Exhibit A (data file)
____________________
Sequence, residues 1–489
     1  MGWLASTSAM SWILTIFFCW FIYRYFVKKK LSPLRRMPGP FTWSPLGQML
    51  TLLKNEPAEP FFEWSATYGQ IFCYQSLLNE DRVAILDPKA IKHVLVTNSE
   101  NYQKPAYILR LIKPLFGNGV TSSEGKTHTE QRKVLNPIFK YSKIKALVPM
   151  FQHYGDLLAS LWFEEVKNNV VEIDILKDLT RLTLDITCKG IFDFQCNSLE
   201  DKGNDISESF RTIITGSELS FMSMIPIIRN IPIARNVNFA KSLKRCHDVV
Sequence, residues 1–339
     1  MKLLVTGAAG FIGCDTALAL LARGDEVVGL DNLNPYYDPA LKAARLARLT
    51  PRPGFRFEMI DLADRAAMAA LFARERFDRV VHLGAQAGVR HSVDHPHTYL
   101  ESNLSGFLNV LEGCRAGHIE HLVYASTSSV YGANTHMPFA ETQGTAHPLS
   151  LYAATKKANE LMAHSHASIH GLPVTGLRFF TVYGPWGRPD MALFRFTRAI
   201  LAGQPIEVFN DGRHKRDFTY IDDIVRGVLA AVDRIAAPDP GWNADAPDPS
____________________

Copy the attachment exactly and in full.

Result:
Sequence, residues 1–489
     1  MGWLASTSAM SWILTIFFCW FIYRYFVKKK LSPLRRMPGP FTWSPLGQML
    51  TLLKNEPAEP FFEWSATYGQ IFCYQSLLNE DRVAILDPKA IKHVLVTNSE
   101  NYQKPAYILR LIKPLFGNGV TSSEGKTHTE QRKVLNPIFK YSKIKALVPM
   151  FQHYGDLLAS LWFEEVKNNV VEIDILKDLT RLTLDITCKG IFDFQCNSLE
   201  DKGNDISESF RTIITGSELS FMSMIPIIRN IPIARNVNFA KSLKRCHDVV
Sequence, residues 1–339
     1  MKLLVTGAAG FIGCDTALAL LARGDEVVGL DNLNPYYDPA LKAARLARLT
    51  PRPGFRFEMI DLADRAAMAA LFARERFDRV VHLGAQAGVR HSVDHPHTYL
   101  ESNLSGFLNV LEGCRAGHIE HLVYASTSSV YGANTHMPFA ETQGTAHPLS
   151  LYAATKKANE LMAHSHASIH GLPVTGLRFF TVYGPWGRPD MALFRFTRAI
   201  LAGQPIEVFN DGRHKRDFTY IDDIVRGVLA AVDRIAAPDP GWNADAPDPS